To be clear, we find many of these tests both fun and somewhat helpful. Indeed, from our own business model, it would make far more sense to take the labor out of our work and rely purely on computer generated testing. From an effectiveness standpoint, however, we find the interview process critical to provide tailored, customized advice.
With that said, while we value our interviewing process and believe it differentiates us in effectiveness from the career sites that only provide testing, we definitely believe that career personality profiling tests are helpful in providing information and data points.
Sometimes the information can be extraordinarily insightful and our clients will have breakthrough moments of self-awareness. Strangely, unless questioned in ways that validated tests do, many people do not fully understand their own internal preferences.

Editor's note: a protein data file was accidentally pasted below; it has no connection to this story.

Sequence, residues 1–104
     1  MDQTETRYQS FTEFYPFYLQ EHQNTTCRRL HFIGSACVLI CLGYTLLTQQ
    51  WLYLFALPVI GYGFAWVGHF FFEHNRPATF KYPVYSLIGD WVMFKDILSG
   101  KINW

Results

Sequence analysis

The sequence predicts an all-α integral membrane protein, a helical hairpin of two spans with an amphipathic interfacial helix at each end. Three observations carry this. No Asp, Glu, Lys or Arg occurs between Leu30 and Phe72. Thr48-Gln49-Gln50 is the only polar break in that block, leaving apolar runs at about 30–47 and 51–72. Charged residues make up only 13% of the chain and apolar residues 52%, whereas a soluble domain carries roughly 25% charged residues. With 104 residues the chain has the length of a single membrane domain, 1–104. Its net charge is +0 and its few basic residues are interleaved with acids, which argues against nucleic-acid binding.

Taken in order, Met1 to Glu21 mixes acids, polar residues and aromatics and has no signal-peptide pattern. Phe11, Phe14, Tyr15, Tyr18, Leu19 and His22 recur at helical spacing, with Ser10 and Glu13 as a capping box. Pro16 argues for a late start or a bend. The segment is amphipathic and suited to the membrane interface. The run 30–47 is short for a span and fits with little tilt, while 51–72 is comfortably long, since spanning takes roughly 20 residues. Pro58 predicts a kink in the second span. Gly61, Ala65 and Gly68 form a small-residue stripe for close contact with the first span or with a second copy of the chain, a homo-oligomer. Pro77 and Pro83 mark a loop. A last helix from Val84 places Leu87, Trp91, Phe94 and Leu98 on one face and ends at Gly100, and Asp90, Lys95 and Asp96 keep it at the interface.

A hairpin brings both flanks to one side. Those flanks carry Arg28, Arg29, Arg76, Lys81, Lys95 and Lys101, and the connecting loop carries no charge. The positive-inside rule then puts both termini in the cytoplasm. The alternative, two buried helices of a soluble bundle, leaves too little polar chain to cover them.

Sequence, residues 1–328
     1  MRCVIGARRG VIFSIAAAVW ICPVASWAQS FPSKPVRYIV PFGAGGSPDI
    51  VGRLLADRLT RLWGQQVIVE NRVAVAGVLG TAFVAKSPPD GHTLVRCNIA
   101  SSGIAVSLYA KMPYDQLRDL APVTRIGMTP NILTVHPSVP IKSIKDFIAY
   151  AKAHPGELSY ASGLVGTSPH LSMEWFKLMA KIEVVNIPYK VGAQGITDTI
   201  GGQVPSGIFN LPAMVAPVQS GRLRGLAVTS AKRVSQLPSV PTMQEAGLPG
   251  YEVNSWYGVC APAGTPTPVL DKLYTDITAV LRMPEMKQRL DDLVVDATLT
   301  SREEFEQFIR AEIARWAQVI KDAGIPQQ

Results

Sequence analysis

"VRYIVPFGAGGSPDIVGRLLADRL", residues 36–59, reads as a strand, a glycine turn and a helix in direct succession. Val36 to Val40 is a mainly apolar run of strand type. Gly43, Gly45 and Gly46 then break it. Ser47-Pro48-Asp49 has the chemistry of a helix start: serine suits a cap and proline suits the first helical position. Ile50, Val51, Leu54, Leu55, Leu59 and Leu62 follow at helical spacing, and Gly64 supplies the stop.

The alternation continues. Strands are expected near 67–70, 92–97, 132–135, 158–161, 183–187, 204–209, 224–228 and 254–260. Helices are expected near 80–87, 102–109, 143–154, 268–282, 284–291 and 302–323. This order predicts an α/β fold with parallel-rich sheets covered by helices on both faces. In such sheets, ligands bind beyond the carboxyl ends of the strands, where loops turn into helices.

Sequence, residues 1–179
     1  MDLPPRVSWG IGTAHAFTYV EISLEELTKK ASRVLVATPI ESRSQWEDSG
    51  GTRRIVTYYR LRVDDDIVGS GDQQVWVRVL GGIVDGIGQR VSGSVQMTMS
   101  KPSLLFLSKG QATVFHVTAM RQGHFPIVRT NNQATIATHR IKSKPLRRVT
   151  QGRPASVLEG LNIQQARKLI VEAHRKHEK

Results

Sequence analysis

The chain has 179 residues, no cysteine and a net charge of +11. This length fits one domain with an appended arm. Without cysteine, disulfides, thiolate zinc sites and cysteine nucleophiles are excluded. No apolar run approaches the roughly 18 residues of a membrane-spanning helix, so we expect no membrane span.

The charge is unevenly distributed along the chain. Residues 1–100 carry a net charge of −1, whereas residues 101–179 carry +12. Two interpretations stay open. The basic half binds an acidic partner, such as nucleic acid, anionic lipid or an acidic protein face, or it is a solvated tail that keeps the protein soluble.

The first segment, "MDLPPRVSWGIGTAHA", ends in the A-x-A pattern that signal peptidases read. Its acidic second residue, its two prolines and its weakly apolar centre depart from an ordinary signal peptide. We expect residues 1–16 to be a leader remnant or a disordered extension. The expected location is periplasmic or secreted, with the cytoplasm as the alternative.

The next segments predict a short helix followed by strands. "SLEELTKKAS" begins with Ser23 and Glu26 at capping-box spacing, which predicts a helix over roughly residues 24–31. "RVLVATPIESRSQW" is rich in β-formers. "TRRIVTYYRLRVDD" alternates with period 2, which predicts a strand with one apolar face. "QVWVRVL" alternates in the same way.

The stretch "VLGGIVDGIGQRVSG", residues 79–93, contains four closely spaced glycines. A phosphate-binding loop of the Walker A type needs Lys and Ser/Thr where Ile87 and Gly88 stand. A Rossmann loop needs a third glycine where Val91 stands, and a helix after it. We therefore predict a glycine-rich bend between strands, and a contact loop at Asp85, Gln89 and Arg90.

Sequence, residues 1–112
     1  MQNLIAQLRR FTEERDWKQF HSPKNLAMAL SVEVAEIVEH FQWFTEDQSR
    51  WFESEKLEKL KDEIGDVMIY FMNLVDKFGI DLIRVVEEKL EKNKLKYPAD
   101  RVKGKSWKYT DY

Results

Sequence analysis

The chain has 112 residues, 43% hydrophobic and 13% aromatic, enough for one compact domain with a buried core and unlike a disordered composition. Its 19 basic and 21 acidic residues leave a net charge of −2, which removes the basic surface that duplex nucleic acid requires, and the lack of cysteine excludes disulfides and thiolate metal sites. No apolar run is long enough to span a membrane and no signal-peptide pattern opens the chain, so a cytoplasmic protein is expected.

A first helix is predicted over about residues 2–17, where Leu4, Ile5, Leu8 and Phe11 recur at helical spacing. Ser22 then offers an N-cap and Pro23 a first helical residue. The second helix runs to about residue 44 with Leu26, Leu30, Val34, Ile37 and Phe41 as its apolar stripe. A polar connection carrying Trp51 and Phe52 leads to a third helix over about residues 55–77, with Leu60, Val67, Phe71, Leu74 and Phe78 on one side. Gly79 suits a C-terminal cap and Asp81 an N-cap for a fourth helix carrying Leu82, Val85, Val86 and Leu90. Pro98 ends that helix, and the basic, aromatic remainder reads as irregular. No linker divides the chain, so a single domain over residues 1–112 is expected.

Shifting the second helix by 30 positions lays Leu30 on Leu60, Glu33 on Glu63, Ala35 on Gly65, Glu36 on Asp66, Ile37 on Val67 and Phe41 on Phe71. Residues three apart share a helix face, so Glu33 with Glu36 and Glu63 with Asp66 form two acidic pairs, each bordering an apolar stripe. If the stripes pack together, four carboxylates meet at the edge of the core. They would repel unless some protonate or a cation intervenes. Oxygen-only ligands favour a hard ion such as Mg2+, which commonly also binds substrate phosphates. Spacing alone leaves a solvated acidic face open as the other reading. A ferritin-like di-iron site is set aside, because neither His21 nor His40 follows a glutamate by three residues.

The combination of advisory services, through interviewing and discussion, plus career personality profiling tests provides the most effective way to help our clients.
Upon helping our Connecticut clients with their career counseling needs, we provide concrete, direct advice on what fields best match; what should be done to move into the field; and, as needed, help with resume, interviewing, and job searching.
If our Connecticut career counseling clients are interested in graduate school, we help with all aspects of graduate school admission including LSAT, GRE, GMAT, MCAT prep and help with admissions essays for graduate school.